The Olympics’ Excuse for Shunning eSports Makes Absolutely No Sense

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Now that Paris and Los Angeles have been announced as the 2024 and 2028 Olympics hosts, it’s exciting to think how the games might evolve over that time. However, if you were hoping that evolution might involve the inclusion of esports, then I have some disappointing news. Earlier in August, the co-President of the Paris bid committee said they could consider branching out into esports. But now the International Olympic Committee president Thomas Bach has killed that idea, and for a really tired reason.

He told the South China Morning Post, “We want to promote non-discrimination, non-violence, and peace among people. This doesn’t match with video games, which are about violence, explosions and killing. And there we have to draw a clear line.”

Does Bach think that people were proposing we include Mortal Kombat and Grand Theft Auto in the Olympic games? If he’s going to reject an entire industry, he could have at least asked someone to tell him what it actually looks like. Or, as many have pointed out, maybe the Olympics needs to revisit their existing roster of games, if these are their new standards.

https://twitter.com/SteveButts/status/903301892343599106

https://twitter.com/JMRooker/status/903273318689587202

Bach went on to say imply that they might consider virtual versions of Olympic sports, saying, “So if ever somebody is competing at playing football virtually or playing other sports virtually, this is of high interest. We hope that, then, these players are really delivering sports performance. If [fans] at the end would even play the sports in the real world, we would even be more happy.”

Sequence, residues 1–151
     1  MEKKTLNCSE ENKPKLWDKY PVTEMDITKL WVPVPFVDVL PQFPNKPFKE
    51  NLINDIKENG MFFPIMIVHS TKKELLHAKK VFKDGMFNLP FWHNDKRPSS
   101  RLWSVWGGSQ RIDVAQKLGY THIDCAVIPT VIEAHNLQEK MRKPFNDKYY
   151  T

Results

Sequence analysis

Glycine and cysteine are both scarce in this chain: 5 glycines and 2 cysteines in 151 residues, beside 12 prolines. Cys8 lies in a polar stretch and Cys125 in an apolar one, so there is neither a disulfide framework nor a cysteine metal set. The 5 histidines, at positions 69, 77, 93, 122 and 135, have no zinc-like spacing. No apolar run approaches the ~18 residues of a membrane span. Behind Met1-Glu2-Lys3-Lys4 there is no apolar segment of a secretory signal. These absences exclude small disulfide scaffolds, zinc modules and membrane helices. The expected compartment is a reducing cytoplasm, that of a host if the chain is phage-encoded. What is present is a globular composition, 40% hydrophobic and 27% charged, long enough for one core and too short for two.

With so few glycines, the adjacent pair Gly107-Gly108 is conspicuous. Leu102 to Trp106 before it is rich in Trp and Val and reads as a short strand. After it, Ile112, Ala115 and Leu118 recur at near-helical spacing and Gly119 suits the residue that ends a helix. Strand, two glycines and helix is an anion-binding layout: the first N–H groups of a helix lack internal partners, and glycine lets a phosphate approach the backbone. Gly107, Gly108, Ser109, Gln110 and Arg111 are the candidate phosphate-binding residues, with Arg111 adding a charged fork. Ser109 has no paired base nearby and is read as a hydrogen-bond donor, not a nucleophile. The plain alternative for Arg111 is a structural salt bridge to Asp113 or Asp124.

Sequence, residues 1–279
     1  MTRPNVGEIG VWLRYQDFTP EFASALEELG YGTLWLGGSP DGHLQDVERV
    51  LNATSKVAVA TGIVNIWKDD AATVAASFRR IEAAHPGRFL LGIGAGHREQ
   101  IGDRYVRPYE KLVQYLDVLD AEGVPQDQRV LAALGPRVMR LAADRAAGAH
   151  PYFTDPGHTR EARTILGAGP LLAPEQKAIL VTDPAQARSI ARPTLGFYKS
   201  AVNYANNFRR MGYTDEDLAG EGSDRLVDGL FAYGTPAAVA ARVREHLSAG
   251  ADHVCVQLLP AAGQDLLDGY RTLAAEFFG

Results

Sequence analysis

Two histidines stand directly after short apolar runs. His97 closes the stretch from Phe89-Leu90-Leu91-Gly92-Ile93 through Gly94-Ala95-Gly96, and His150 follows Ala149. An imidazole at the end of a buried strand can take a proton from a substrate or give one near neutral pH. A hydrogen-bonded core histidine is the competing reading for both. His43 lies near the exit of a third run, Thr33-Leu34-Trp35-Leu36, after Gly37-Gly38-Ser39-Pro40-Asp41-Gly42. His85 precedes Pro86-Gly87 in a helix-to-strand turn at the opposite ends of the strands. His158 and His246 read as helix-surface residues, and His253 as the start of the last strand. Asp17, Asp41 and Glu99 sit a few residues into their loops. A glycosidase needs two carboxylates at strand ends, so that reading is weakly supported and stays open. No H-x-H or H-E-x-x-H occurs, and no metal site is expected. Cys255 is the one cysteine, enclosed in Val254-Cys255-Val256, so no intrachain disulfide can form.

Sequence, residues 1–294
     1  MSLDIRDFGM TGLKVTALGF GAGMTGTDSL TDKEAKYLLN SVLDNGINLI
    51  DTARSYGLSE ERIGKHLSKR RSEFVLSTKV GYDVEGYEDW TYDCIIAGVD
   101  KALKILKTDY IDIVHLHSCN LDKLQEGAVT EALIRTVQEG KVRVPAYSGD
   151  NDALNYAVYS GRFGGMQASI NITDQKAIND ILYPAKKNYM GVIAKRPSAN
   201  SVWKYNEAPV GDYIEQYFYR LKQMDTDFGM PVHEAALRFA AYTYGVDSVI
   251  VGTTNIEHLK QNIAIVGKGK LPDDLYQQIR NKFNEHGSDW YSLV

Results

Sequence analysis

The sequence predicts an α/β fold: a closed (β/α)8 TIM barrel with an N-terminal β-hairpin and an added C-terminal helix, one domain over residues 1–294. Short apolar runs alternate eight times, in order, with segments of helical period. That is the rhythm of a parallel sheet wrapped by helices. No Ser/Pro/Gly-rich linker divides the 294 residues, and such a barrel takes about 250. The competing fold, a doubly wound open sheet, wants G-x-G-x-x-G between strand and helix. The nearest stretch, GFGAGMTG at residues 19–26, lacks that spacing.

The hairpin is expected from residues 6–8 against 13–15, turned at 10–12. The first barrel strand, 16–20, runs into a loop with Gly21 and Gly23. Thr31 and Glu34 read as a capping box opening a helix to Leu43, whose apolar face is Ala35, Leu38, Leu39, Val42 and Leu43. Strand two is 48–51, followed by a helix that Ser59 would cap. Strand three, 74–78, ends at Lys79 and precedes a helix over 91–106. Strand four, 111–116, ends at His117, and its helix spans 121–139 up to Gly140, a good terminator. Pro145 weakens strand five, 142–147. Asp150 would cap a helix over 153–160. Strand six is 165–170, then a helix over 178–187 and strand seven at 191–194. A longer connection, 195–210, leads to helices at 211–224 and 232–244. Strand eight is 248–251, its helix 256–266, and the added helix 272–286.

So, they’ll maybe consider game versions of existing sports, but they want those games to then also be played IRL? Like they are now? Yeah, this sounds like a great idea.

(via Kotaku, image: Shutterstock)

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Vivian Kane
Vivian Kane (she/her) is the Senior News Editor at The Mary Sue, where she's been writing about politics and entertainment (and all the ways in which the two overlap) since the dark days of late 2016. Born in San Francisco and radicalized in Los Angeles, she now lives in Kansas City, Missouri, where she gets to put her MFA to use covering the local theatre scene. She is the co-owner of The Pitch, Kansas City’s alt news and culture magazine, alongside her husband, Brock Wilbur, with whom she also shares many cats.